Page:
12. Fermilab main injector: High intensity operation and beam loss control

    NASA Astrophysics Data System (ADS)

    Brown, Bruce C.; Adamson, Philip; Capista, David; Chou, Weiren; Kourbanis, Ioanis; Morris, Denton K.; Seiya, Kiyomi; Wu, Guan Hong; Yang, Ming-Jen

    2013-07-01

    From 2005 through 2012, the Fermilab Main Injector provided intense beams of 120 GeV protons to produce neutrino beams and antiprotons. Hardware improvements in conjunction with improved diagnostics allowed the system to reach sustained operation at 400 kW beam power. Transmission was very high except for beam lost at or near the 8 GeV injection energy where 95% beam transmission results in about 1.5 kW of beam loss. By minimizing and localizing loss, residual radiation levels fell while beam power was doubled. Lost beam was directed to either the collimation system or to the beam abort. Critical apertures were increased while improved instrumentation allowed optimal use of available apertures. We will summarize the improvements required to achieve high intensity, the impact of various loss control tools and the status and trends in residual radiation in the Main Injector.

  13. HIGH INTENSITY BEAM OPERATION OF THE BROOKHAVEN AGS

    SciTech Connect

    ROSER,T.

    1999-06-28

    For the last few years the Brookhaven AGS has operated at record proton intensities. This high beam intensity allowed for the simultaneous operation of several high precision rare kaon decay experiments. The record beam intensities were achieved after the AGS Booster was commissioned and a transition jump system, a powerful transverse damper, and an rf upgrade in the AGS were completed. The intensity is presently limited by space charge effects at both Booster and AGS injection and transverse instabilities in the AGS.

  14. Monte Carlo simulation to evaluate the contamination in an energy modulated carbon ion beam for hadron therapy delivered by cyclotron

    NASA Astrophysics Data System (ADS)

    Morone, M. Cristina; Calabretta, Luciano; Cuttone, Giacomo; Fiorini, Francesca

    2008-11-01

    Protons and carbon ion beams for hadron therapy can be delivered by cyclotrons with a fixed energy. In order to treat patients, an energy degrader along the beam line will be used to match the particle range with the target depth. Fragmentation reactions of carbon ions inside the degrader material could introduce a small amount of unwanted contaminants to the beam, giving additional dose to the patient out of the target volume. A simulation study using the FLUKA Monte Carlo code has been carried out by considering three different materials as the degrader. Two situations have been studied: a realistic one, lowering the carbon beam energy from 300 MeV/n to 220 MeV/n, corresponding to a range of 10 cm in water, and the worst possible case, lowering the carbon energy to 50 MeV/n, corresponding to the millimeter range. The main component of the contaminant is represented by alpha particles and protons, with a typical momentum after the degrader greater than that of the primary beam, and can be eliminated by the action of a momentum analyzing system and slits, and by a second thin absorber. The residual component of fragments reaching the patient is negligible with respect to the fragment quantity generated by the primary beam inside the patient before arriving at the end of the target volume.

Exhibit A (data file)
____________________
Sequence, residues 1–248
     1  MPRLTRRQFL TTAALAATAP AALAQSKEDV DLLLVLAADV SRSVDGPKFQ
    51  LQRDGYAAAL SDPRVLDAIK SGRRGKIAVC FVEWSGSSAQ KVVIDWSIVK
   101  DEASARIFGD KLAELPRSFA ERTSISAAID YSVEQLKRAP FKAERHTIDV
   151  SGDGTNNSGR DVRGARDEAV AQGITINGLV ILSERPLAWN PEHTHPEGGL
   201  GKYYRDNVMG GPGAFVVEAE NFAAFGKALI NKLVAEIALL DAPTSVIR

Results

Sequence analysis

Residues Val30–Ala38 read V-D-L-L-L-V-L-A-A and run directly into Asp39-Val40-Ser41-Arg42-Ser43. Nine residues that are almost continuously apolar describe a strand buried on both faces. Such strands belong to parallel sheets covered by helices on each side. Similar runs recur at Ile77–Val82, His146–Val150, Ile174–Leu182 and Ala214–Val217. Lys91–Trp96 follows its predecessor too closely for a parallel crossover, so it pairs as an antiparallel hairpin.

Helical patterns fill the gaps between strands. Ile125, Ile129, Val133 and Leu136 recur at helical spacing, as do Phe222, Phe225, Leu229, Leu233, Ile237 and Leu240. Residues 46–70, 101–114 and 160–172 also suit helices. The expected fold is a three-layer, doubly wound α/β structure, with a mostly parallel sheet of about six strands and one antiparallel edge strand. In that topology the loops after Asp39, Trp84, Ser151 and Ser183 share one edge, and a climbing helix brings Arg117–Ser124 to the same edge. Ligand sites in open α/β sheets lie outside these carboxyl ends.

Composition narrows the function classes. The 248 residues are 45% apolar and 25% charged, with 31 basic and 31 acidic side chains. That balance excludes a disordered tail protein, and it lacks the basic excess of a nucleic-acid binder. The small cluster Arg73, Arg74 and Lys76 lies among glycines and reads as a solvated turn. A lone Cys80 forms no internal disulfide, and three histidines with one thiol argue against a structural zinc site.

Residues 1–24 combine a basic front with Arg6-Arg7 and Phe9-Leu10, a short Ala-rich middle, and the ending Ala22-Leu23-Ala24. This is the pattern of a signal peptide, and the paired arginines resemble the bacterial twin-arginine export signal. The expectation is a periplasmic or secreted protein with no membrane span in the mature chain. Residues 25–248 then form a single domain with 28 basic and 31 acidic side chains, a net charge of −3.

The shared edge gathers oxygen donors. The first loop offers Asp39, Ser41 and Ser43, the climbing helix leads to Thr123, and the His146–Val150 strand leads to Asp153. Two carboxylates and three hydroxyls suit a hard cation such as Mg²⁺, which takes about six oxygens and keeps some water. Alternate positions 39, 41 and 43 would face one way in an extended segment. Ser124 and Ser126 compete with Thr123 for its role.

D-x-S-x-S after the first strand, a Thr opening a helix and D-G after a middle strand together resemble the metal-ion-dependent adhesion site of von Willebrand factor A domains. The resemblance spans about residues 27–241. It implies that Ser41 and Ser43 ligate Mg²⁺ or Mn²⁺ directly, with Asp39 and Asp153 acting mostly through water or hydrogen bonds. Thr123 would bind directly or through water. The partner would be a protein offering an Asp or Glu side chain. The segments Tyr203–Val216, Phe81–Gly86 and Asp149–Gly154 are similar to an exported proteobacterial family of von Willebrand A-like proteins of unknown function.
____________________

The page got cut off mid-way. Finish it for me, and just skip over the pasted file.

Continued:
15. The superconducting separated orbit cyclotron tritron

    SciTech Connect

    Trinks, U.; Assmann, W.; Dietl, L.; Hinderer, H.J.; Korner, A; Platzer, A.; Rehm, B.; Rieger, K.; Riess, C.; Savoy, R.

    1985-10-01

    At the Munich Accelerator Laboratory a booster for the existing MP-tandem-the Tritron - is under construction for acceleration of heavy ions to specific energies up to 21 MeV/u. The Tritron/sup +/ is a separated orbit cyclotron similar to the SOC but with the magnets and cavities both superconducting. The Tritron fits well into the existing laboratory. It is projected to be a prototype to demonstrate the feasibility of this type of cyclotron, which may be suited to overcome the limits of the conventional cyclotron concept. First, there are no axial focusing problems. Secondly, there is no crossing of resonances in the betatron frequency diagram, and thirdly, there are no injection and extraction problems. Thus continuous ion beams of high intensity and high quality with energies up to about 1 GeV/u seem within reach by connecting several separated orbit cyclotrons with increasing radii in series.

  16. Beam diagnostics at high-intensity storage rings

    SciTech Connect

    Plum, M.

    1993-11-01

    Beam diagnostics at high-intensity facilities feature their own special set of problems and characteristics. Issues peculiar to high-intensity storage rings include beam loss, beam halos, extraction efficiency, beam in the gap, clearing electrodes, and beam-profile measurement. The Los Alamos Proton Storage Ring (PSR) is a nice example of a high-intensity storage ring. The author discusses in some detail three diagnostic systems currently in use at the PSR: the beam-loss-monitor system, the electron-clearing system, and the beam-in-the-gap monitor. Much of the discussion is inspired by the problems that were encountered and the useful things learned while commissioning and developing the PSR. Another inspiration is the work on the next-generation neutron-spallation source, also known as the National Center for Neutron Research (NCNR).

  17. Beam diagnostics at high-intensity storage rings

    SciTech Connect

    Plum, M. )

    1994-10-10